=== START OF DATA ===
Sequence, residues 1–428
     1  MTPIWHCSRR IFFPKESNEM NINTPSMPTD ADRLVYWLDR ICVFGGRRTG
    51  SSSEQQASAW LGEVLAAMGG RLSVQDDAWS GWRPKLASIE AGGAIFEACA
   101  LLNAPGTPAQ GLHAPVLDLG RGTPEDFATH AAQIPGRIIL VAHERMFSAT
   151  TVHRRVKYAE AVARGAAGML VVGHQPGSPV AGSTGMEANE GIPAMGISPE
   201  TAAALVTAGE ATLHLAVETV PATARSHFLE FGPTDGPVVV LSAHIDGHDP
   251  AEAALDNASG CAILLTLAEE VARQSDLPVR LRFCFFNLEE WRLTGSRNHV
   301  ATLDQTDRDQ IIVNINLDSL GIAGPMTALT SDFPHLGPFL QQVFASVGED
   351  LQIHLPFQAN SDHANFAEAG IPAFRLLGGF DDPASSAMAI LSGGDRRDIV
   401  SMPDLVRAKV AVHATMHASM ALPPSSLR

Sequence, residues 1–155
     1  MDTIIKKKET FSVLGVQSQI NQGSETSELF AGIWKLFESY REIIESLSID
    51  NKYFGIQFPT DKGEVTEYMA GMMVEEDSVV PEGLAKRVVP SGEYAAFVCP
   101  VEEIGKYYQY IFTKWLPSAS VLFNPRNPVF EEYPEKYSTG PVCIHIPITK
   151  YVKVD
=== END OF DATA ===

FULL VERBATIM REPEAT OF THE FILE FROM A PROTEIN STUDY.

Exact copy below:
Sequence, residues 1–428
     1  MTPIWHCSRR IFFPKESNEM NINTPSMPTD ADRLVYWLDR ICVFGGRRTG
    51  SSSEQQASAW LGEVLAAMGG RLSVQDDAWS GWRPKLASIE AGGAIFEACA
   101  LLNAPGTPAQ GLHAPVLDLG RGTPEDFATH AAQIPGRIIL VAHERMFSAT
   151  TVHRRVKYAE AVARGAAGML VVGHQPGSPV AGSTGMEANE GIPAMGISPE
   201  TAAALVTAGE ATLHLAVETV PATARSHFLE FGPTDGPVVV LSAHIDGHDP
   251  AEAALDNASG CAILLTLAEE VARQSDLPVR LRFCFFNLEE WRLTGSRNHV
   301  ATLDQTDRDQ IIVNINLDSL GIAGPMTALT SDFPHLGPFL QQVFASVGED
   351  LQIHLPFQAN SDHANFAEAG IPAFRLLGGF DDPASSAMAI LSGGDRRDIV
   401  SMPDLVRAKV AVHATMHASM ALPPSSLR

Sequence, residues 1–155
     1  MDTIIKKKET FSVLGVQSQI NQGSETSELF AGIWKLFESY REIIESLSID
    51  NKYFGIQFPT DKGEVTEYMA GMMVEEDSVV PEGLAKRVVP SGEYAAFVCP
   101  VEEIGKYYQY IFTKWLPSAS VLFNPRNPVF EEYPEKYSTG PVCIHIPITK
   151  YVKVD